5:30 PM - 5:45 PM

# [SSS26-24] From seismic waveforms to seismic wavefield: A feasibility study of the seismic gradiometry applied to the Hi-net array

Keywords:seismic wavefield, broadband, surface waves, arrival direction

**Introduction**

The high-sensitive seismograph network (Hi-net) operated by NIED, Japan equipped with nearly 800 velocity-type seismographs of natural frequency 1 Hz with average separation of 20 km. Although its main target of observation is small, high-frequency seismic waves, it also can act as an ultra-dense long-period seismograph array in particular for large earthquakes because of the wide dynamic range and high S/N of the observation system [Maeda et al., 2011, 2014]. In such long period band, station separation is shorter than the wavelength. Thus, it is expected that they bring us the 2D complex wavefield rather than independent seismic wave traces at individual stations.

Recent advances of the seismic gradiometry method (hereafter referred to as SG) and its successful applications report that we can measure the spatial variation of geometrical spreading and radiation pattern, in addition to the slowness vector from the dense array data [Langston, 2007a,b,c; Liang and Langston, 2009]. In this study, we attempted to assess the feasibility of applying the SG to the Hi-net array to extract complicated wave propagation properties.

**Seismic Gradiometry**

The SG first estimates the wave amplitude and its spatial derivative coefficients from discrete station record by the Taylor series approximation and an inverse problem. Then, by assuming the incoming wave packet is constituted by plane wave having spatially varying amplitude term, the slowness vector and spatial derivative of the amplitude term are estimated. The latter term corresponds to the geometrical spreading and radiation pattern. It is a remarkable feature of the SG to separate the amplitude variation due to between wave propagation and other effects.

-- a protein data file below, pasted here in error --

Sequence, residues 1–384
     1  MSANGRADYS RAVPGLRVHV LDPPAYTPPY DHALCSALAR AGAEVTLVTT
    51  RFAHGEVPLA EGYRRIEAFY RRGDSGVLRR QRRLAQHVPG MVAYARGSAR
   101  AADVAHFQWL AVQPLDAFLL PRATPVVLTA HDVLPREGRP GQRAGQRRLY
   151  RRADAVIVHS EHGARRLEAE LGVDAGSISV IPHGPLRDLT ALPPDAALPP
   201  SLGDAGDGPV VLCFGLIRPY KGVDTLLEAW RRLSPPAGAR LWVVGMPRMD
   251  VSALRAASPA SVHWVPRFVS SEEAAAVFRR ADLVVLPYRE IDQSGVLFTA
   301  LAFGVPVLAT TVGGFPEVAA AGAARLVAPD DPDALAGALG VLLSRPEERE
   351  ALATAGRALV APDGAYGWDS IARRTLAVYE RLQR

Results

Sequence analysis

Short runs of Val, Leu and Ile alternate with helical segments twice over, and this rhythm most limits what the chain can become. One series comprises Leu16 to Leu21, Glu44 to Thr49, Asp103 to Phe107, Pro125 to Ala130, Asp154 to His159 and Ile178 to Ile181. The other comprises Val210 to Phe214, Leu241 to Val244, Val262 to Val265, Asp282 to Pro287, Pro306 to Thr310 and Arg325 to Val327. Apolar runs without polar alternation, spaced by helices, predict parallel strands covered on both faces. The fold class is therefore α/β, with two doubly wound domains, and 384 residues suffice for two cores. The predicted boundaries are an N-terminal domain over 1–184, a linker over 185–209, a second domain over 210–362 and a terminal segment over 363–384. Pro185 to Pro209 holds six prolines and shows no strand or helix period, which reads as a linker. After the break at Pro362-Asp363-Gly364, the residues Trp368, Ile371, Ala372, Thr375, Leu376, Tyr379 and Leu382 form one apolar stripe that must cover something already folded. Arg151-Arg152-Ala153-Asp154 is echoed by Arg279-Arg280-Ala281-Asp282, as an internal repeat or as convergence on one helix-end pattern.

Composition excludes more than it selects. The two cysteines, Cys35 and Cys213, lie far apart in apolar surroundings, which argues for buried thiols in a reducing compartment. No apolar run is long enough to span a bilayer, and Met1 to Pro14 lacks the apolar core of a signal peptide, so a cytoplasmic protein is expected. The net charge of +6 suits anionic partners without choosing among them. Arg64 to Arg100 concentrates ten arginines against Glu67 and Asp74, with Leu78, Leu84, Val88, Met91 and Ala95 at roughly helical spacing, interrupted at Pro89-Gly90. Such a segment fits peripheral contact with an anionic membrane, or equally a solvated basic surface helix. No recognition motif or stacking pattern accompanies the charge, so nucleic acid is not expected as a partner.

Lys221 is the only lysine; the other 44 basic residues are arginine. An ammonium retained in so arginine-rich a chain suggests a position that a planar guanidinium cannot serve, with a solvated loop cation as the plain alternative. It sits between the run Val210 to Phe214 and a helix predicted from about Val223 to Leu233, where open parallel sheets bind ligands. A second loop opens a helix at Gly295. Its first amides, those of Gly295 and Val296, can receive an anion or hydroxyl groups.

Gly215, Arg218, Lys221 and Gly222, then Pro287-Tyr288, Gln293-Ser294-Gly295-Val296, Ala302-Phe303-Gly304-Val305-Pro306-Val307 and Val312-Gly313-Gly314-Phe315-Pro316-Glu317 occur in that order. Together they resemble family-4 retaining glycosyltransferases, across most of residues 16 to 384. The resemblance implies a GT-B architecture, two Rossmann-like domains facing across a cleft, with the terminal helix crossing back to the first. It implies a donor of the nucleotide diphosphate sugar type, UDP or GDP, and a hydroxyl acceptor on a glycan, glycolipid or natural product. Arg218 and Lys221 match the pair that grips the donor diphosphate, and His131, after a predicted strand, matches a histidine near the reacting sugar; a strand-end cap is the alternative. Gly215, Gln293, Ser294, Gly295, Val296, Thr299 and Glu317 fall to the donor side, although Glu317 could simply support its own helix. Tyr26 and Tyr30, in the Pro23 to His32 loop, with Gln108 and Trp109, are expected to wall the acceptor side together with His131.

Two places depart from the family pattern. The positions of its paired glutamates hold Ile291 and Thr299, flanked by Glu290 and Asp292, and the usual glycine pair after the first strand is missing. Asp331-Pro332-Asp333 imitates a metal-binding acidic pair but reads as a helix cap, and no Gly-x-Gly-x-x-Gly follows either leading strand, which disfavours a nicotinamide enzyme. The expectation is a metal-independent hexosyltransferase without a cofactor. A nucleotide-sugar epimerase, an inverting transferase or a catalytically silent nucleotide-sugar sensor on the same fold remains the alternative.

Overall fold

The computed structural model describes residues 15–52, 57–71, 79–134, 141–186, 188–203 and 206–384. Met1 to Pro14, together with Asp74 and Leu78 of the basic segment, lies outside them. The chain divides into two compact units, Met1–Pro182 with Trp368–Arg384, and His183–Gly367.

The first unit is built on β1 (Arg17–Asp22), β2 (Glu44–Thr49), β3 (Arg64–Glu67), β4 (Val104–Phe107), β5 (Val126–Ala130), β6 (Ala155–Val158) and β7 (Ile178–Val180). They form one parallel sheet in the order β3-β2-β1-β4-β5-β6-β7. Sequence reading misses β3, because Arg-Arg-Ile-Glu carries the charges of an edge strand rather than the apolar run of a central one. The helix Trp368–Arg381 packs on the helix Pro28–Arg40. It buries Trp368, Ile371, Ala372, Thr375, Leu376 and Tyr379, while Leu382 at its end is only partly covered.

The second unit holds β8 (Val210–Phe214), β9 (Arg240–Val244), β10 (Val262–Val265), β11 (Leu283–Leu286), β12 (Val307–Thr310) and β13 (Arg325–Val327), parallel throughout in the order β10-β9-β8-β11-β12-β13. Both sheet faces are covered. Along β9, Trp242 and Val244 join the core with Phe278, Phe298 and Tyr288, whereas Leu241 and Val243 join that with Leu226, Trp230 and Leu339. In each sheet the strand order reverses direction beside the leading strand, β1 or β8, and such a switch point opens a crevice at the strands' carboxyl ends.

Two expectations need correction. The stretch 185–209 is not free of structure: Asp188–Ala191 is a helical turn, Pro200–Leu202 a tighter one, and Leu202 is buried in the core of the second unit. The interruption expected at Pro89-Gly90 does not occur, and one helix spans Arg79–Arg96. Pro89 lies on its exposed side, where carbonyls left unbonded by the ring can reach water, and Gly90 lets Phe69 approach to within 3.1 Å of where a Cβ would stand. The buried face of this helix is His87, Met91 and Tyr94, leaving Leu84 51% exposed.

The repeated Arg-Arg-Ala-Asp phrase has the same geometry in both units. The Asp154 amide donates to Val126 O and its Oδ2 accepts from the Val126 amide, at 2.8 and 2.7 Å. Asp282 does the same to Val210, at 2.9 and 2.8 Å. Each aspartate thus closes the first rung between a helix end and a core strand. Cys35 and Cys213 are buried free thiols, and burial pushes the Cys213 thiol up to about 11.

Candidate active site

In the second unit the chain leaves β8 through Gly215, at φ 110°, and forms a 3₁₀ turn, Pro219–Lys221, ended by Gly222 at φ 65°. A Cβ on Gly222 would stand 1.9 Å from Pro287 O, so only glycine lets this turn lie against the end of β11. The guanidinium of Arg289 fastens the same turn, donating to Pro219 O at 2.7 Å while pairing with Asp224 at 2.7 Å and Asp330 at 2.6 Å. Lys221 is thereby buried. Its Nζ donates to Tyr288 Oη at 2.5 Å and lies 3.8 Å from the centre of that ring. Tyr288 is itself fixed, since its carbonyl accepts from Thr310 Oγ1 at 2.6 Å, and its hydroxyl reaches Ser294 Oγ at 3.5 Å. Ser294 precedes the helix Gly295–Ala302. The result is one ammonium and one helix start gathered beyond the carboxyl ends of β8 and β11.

**Application to the Hi-net**

We applied the SG with synthetic data at the actual Hi-net station layout. The synthetic data has the Gaussian function in time with phase speed of 3 km/s, having geometrical spreading reciprocal to the square root of the horizontal distance, and the four-lobed radiation pattern. This synthetic wavefield has a wavelength of about 60 km, which is corresponds to the surface waves at the period of about 20 s. The time series at locations of the Hi-net stations were used to as the synthetic data of the numerical experiment. At equally spaced grid points, the wave amplitude and its derivatives are estimated by using the data at nearby stations with distance is shorter than 50 km by the least square. We here note that the least square is always well-posed, inverse matrices to solve the inverse problem can be calculated in advance. Comparing the analytic solution, it was found that the wavefield and the derivatives are quite well estimated with maximum relative errors of about 5% and 10%, respectively. The slowness vector, the radiation pattern and the geometrical spreading terms are estimated by the wavefield and its spatial derivatives at every grid point. The estimated direction of the wave propagation well fitted to the azimuth from the assumed epicenter, and the radiation pattern shows significant variation at around the null axis.

Our preliminarily results suggest that the SG method well suite to the band-broaden Hi-net seismograph to extract wavefield behavior at the periods longer than 20 s. This method is appealing that it can estimate the arrival directions at spatially homogeneous grid, and that it can extract amplitude variation not due to simple wave propagation such as radiation pattern. It is promising to obtain spatial phase velocity variation from direct waves, and to grasp wave packets originated from scattering from later coda, to applying the SG to Hi-net dense array data.